Cybercriminals have stolen about $4,00,000 using Tor Browser malware, affecting more than 15,000 users across 52 countries in 2023, a new report showed on Monday.
According to cybersecurity firm Kaspersky, the Tor Browser malware operates by replacing a portion of the entered clipboard contents with the cybercriminal’s own wallet address once it detects a wallet address in the clipboard.
“Despite the fake Tor Browser attack’s fundamental simplicity, it poses a greater danger than it seems. Not only does it create irreversible money transfers, but it is also passive and hard to detect for a regular user. Most malware requires a communication channel between the malware operator and the victim’s system,” said Vitaly Kamluk, Head of APAC Unit, Global Research & Analysis Team.
Cryptocurrency owners and traders are now actively being targeted by this new type of malware, which has been around for more than a decade and originally used by banking trojans for replacing bank account numbers, the report said.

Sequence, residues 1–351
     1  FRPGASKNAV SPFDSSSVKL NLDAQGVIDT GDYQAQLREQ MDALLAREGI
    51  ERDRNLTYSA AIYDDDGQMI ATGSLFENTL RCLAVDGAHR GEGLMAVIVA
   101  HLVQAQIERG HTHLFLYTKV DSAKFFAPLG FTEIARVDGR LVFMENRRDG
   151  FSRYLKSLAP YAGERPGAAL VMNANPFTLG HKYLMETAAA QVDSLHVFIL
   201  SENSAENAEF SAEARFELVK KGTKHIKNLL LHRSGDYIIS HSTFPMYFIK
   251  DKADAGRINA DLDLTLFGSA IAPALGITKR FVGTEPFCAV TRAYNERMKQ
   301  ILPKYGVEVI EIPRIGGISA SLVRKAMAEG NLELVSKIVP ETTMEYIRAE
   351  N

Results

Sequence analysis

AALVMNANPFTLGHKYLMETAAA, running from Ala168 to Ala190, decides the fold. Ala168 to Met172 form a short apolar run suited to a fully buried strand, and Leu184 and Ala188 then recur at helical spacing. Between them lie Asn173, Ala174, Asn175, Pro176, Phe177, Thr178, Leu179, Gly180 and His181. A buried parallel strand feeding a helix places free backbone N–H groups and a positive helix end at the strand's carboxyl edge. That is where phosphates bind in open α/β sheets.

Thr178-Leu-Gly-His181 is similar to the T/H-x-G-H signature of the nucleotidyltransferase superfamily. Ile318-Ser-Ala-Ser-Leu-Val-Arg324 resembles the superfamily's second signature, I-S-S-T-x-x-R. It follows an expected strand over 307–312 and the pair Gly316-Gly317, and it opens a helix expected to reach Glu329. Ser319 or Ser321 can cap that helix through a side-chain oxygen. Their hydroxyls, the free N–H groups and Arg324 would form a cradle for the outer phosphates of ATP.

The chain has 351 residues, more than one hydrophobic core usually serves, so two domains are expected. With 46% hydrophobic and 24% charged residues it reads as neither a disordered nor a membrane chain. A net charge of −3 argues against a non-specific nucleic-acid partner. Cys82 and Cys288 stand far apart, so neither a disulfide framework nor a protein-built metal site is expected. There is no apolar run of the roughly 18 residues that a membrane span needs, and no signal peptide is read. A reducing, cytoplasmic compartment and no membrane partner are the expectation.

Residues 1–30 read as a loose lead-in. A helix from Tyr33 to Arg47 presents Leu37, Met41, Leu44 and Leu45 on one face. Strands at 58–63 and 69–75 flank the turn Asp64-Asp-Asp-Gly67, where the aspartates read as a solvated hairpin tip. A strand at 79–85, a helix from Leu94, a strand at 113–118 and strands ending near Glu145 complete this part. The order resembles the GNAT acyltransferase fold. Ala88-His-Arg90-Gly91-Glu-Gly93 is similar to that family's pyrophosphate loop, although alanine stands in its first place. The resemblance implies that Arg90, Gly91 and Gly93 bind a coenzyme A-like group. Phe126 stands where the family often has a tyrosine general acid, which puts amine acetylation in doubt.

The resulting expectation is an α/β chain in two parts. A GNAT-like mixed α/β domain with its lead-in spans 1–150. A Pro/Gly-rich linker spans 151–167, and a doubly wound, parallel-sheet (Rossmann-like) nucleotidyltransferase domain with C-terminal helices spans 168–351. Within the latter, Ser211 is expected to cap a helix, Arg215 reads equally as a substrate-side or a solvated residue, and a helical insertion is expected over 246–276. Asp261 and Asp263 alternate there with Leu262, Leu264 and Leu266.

The target user downloads a trojanized version of Tor Browser from a third-party resource containing a password protected RAR archive.
The purpose of the password is to prevent detection by security solutions. Once the file is dropped inside the user’s system, it registers itself in the system’s auto-start and is masqueraded with an icon of a popular application, such as uTorrent, according to the report.
Furthermore, the report mentioned that the malware targeted cryptocurrencies such as Bitcoin, Ethereum, Litecoin, Dogecoin, and Monero.
These attacks have spread to at least 52 countries worldwide, with the majority of detections in Russia due to users downloading the infected Tor Browser.
The top 10 affected countries also include the US, Germany, Uzbekistan, Belarus, China, the Netherlands, the UK, and France.